Remember too, that as soon as the player tells lies they are no longer persuading, they are deceiving which is a different (perhaps non-proficient ability). Similarly if they threaten the NPC, they are intimidating, not persuading.

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    \$\begingroup\$ This. +1 for...well everything. I like the break down of WHEN persuasion is actually used versus, deception, or intimidation perhaps. As well as the pointing out of the players do not just go around making checks; the players go around rolling whatever the DM tells them to, and only when he tells them to. \$\endgroup\$
    – Airatome
    Commented Oct 1, 2016 at 1:01
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    \$\begingroup\$ -1 because it is not "perfectly sensible" to take an out of character statement and make it in-character. \$\endgroup\$
    – T.J.L.
    Commented Oct 1, 2016 at 7:14
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    \$\begingroup\$ Well worth my +1, although I agree with T.J.L. that the first sentence is counterproductive. \$\endgroup\$
    – user31662
    Commented Oct 1, 2016 at 22:46
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    \$\begingroup\$ I find it funny, and to be fair, the player started it by saying he “makes a persuasion check”. I like this way to tell the player he should remain in character (assuming he takes the hint). \$\endgroup\$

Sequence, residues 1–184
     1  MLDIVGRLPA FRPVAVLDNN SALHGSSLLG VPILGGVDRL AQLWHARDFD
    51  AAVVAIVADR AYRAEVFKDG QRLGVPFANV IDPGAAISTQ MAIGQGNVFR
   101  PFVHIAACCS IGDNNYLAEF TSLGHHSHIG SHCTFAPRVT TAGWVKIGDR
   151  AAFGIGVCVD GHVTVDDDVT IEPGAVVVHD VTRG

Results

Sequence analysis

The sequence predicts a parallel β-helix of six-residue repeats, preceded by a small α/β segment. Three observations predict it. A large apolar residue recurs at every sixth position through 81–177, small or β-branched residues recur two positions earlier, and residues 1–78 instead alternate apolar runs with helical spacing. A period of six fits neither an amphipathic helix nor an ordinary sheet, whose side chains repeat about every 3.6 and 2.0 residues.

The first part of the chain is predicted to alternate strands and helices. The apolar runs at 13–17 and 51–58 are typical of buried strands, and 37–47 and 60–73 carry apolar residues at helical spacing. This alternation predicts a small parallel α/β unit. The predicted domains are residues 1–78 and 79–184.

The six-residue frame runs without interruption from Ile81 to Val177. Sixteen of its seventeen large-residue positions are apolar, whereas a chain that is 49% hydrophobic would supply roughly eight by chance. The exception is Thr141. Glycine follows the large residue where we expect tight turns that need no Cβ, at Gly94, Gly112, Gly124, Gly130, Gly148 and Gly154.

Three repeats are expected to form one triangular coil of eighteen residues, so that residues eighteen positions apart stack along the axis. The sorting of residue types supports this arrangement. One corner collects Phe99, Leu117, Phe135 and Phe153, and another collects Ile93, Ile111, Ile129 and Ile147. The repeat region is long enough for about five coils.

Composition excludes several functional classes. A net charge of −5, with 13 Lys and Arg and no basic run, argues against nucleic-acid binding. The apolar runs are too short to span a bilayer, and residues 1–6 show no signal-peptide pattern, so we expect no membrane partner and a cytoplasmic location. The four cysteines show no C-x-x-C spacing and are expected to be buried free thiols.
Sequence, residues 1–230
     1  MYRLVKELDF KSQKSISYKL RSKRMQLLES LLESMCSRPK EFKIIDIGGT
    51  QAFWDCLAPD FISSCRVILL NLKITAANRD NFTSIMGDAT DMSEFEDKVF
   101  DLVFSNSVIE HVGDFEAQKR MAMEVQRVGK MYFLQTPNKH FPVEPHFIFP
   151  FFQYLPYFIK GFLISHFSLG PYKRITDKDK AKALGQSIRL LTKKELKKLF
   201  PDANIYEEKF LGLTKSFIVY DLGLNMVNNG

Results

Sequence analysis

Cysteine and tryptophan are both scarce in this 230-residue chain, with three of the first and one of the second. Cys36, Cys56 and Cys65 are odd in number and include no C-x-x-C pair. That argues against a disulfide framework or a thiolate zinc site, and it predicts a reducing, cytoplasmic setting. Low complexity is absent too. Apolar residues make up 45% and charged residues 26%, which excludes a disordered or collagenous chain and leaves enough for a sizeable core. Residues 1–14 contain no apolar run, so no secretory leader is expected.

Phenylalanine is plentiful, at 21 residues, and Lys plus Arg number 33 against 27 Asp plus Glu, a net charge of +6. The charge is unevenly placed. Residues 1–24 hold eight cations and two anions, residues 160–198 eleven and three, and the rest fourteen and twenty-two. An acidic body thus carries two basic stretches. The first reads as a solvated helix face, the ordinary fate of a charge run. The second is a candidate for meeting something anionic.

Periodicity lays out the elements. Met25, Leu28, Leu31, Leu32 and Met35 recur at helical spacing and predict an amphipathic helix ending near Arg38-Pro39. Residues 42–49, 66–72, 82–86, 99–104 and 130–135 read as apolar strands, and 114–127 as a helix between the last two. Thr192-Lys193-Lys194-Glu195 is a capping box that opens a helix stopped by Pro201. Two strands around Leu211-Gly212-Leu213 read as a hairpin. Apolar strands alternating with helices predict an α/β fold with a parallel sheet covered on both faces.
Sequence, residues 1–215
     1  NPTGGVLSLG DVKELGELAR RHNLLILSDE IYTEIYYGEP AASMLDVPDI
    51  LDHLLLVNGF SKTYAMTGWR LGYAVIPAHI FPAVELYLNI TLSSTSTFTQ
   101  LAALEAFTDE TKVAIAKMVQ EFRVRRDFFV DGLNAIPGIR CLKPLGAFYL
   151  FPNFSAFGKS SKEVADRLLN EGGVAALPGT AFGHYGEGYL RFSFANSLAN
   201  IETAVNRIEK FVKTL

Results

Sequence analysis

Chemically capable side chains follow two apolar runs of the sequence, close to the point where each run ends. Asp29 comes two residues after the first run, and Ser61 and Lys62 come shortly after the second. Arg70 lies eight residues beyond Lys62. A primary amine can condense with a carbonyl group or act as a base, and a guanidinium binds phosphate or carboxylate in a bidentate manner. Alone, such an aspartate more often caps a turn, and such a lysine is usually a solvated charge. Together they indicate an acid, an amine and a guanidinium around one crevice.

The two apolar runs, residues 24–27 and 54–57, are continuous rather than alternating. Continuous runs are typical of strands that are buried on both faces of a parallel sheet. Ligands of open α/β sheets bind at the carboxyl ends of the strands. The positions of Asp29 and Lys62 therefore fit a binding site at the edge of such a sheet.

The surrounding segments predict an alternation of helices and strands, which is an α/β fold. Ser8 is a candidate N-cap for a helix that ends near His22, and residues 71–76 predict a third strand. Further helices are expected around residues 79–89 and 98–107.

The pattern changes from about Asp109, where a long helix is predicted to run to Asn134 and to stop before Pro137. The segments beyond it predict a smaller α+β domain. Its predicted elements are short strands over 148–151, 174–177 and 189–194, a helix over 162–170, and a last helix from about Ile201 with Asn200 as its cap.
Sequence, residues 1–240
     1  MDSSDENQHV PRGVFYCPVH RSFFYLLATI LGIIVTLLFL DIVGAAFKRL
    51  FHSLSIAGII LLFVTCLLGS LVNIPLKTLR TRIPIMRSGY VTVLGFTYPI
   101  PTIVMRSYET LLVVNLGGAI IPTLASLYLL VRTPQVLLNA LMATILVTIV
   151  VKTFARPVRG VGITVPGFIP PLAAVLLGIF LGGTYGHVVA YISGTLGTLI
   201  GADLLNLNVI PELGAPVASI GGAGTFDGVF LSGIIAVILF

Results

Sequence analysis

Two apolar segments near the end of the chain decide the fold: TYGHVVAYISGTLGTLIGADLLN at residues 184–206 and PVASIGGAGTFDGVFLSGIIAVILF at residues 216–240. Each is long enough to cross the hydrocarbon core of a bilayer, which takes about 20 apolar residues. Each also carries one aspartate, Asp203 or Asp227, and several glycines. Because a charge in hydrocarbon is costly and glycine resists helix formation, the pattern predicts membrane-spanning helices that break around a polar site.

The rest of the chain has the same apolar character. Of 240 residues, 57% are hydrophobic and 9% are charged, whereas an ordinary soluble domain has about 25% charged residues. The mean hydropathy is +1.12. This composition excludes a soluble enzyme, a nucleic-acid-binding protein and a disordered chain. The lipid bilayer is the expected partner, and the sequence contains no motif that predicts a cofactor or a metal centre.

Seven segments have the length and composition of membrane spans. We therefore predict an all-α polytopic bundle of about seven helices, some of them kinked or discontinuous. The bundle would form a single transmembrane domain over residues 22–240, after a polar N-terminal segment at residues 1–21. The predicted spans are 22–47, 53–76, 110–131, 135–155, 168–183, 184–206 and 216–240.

– spectras
    Commented Oct 3, 2016 at 6:18
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    \$\begingroup\$ In my experience, Persuasion checks usually are against a set DC, as it doesn't really make sense in most cases for it to be a contest (unless, for example, two different characters are trying to convince a third character to rule in their favor, or that they are telling the truth). Generally, when someone tries to convince you of something, you're not actively trying to persuade yourself of the opposite - you're just weighing whether their argument is persuasive enough to convince you. \$\endgroup\$
    – V2Blast
    Commented Feb 5, 2018 at 0:04

Persuasion isn't mind control, so if the npc wouldn't normally do something, like kill their neighbor, the player probably can't convince them to do so.

You can introduce mindless monsters (undead minions or something) or use language barriers to control how often persuasion is even possible.



The game has three pillars: exploration, social interaction, and combat.

Persuasion is a great skill for the second pillar, but it can't stand on its own. At times, you are also going to need Intimidation, Deception, and Insight. Maybe also Perception, Investigation and Perform.

Persuasion might help with the first pillar (gaining information from locals) but won't help out in the wilderness where there are no people to talk to.

None of the social skills are generally any use in the third pillar. Once weapons are swinging and spells are flying, talking doesn't really help. If talking is useful in stopping a fight that's already underway, Intimidation is probably the appropriate skill. Or Sniveling and Weaseling, but I don't see them in the PHB. :-)

Additionally, it doesn't matter how good a character is, some things are just not possible. If the character can't possibly succeed, then the GM should say "You can't succeed", and if the player tries anyway, then say "You didn't succeed."